And so kind of got exposed that way and just got started on the tools right in high school, out of high school, building multifamily homes, forming and framing and then did an undergrad of business. And so thought, okay, how do you take a little bit of unticketed trade experience with a business degree and what do you go and do?  

And it’s like I could go work for one of the family businesses or no, I’m going to go figure this one out and actually yeah, then took another ten years of paid education in working for some of Canada’s best real estate development companies and yeah, I wouldn’t trade that experience for the world.  

Got to work for one of or actually Canada’s fastest growing hospitality businesses. They are all over the place now. And then one of Canada’s largest industrial real estate developers as well. And got to get exposed to all of that and work all the way from the tools all the way up to project management into some corporate development stuff as well.  

And then yeah, just wanted to always keep building on that. A career that compounded on itself from one stage of construction to another. And so. Leading into construction tech. I don’t think that’s the culmination of it all.  

I think that’s just maybe the last stepping stone to some real estate development stuff and going full circle again, getting right back on to the tools, maybe, who knows? Build something again, I imagine.  

 

Wes Edmiston:  

So how many of those years from whenever you’re working with those different organizations, how many of those years were in direct project management? How many years were you on your tools?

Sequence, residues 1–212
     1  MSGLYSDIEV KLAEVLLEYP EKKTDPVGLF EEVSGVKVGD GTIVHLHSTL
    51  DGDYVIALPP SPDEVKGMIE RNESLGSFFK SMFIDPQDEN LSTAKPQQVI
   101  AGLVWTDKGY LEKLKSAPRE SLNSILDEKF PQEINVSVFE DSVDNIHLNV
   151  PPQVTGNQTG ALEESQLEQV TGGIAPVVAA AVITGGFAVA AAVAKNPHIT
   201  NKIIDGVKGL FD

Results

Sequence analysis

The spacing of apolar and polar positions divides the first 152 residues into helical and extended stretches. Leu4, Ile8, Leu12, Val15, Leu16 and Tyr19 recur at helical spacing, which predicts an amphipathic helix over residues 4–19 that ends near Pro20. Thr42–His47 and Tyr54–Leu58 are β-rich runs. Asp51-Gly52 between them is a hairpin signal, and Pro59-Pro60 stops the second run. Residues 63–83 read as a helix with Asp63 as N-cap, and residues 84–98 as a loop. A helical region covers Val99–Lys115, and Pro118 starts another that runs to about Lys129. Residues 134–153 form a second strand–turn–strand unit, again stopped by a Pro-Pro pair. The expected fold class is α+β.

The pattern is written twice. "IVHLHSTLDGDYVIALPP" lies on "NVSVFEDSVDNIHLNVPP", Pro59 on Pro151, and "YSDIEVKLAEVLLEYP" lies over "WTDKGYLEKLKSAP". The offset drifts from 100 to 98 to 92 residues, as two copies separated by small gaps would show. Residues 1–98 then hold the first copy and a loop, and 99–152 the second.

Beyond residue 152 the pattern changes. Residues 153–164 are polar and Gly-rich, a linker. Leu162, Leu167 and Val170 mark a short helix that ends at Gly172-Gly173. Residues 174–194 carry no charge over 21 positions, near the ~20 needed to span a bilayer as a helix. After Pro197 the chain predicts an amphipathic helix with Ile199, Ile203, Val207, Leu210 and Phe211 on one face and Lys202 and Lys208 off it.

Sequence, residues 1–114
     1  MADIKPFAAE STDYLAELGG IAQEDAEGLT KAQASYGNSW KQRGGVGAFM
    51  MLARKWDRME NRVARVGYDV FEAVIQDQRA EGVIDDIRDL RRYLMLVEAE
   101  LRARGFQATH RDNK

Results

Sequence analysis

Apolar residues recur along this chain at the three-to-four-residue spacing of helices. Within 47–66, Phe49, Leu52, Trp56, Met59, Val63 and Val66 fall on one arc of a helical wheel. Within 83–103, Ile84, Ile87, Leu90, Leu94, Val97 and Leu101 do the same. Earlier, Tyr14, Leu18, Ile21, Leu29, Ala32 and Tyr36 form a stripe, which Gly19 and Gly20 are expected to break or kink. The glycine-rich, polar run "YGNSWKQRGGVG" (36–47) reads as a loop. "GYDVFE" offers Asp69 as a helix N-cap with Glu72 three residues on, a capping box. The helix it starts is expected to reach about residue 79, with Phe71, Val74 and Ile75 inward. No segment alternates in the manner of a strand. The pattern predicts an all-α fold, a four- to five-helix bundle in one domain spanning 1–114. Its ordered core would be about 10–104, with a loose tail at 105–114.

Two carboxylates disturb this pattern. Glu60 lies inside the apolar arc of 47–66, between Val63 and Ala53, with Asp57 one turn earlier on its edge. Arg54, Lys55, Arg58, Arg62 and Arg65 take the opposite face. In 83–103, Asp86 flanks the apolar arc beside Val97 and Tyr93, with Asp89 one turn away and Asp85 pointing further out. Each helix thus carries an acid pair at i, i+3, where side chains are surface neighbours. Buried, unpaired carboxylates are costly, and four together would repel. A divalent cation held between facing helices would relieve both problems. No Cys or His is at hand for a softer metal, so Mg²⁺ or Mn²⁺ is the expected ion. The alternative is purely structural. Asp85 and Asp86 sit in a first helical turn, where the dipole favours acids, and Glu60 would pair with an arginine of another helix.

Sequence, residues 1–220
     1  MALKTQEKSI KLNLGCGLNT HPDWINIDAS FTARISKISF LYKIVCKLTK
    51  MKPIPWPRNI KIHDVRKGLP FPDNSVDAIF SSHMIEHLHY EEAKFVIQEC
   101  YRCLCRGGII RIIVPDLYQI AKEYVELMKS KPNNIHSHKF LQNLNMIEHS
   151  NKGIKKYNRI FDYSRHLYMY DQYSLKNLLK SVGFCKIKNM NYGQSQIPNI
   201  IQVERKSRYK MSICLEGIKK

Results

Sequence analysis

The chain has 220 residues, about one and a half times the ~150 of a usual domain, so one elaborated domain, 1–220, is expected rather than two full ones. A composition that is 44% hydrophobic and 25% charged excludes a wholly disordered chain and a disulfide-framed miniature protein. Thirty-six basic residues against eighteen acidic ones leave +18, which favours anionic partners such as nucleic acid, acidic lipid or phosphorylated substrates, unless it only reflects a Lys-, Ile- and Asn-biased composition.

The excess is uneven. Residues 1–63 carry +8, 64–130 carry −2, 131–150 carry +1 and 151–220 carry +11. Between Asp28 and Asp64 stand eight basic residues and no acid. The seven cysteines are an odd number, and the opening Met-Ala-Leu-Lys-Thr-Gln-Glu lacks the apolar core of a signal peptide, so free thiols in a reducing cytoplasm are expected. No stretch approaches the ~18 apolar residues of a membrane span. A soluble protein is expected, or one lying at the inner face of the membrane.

Christian Hamm:  

Yeah, so, well, I did a five year degree, university degree. 

My time, yeah, might have been five and a half, can’t remember, but was on the tools that whole time and even a little bit in grade twelve as well. So, yeah, I was a number of years doing that and then jumped right into assistant project managing and then was doing that for the better part of a decade until jumping in with James.  

 

Wes Edmiston:  

Yeah, man, I mean, 15 years of solid industry experience, very relevant to what it is that you’re doing now. Again, I can only see that that brings a lot of value to what you all are doing over at SiteMax.  

That’s awesome. James, I wanted to ask again, so taking this idea of how companies can improve their internal culture, so what is it that you all do at SiteMax in order to strengthen internal company culture and really thinking about our audience, what can construction companies do to improve their company culture?